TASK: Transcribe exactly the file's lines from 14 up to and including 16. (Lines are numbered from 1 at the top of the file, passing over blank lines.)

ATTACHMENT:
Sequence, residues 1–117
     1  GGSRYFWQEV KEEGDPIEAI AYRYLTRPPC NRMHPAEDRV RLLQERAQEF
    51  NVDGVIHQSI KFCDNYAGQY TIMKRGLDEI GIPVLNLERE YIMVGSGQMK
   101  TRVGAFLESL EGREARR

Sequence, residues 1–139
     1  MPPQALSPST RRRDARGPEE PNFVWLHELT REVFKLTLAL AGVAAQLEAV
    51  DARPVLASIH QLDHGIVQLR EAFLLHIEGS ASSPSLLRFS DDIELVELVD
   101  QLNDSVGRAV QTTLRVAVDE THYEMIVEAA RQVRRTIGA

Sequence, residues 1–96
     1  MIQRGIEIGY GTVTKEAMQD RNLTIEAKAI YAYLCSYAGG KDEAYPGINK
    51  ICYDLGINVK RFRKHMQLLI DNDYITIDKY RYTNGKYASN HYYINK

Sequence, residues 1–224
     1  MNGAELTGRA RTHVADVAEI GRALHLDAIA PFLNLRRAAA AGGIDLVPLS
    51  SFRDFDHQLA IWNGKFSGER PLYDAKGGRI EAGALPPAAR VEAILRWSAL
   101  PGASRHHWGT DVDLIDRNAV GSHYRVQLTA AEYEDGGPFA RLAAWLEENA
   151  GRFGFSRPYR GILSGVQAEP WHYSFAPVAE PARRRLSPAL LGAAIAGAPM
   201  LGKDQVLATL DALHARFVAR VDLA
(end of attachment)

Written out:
    51  SFRDFDHQLA IWNGKFSGER PLYDAKGGRI EAGALPPAAR VEAILRWSAL
   101  PGASRHHWGT DVDLIDRNAV GSHYRVQLTA AEYEDGGPFA RLAAWLEENA
   151  GRFGFSRPYR GILSGVQAEP WHYSFAPVAE PARRRLSPAL LGAAIAGAPM